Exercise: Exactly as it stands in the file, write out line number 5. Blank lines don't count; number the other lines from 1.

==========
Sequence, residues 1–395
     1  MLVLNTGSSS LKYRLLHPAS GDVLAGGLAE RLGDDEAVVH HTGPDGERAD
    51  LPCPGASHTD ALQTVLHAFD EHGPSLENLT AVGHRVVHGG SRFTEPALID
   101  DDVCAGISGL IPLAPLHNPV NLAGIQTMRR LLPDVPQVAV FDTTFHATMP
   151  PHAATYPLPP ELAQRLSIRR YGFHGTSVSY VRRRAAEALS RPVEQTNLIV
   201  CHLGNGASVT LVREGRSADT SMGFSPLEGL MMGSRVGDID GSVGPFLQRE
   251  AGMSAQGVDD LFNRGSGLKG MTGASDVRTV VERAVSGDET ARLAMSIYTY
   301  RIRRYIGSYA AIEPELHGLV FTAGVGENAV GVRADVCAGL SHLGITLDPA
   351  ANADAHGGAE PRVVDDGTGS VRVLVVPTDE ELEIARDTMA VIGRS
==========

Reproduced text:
   151  PHAATYPLPP ELAQRLSIRR YGFHGTSVSY VRRRAAEALS RPVEQTNLIV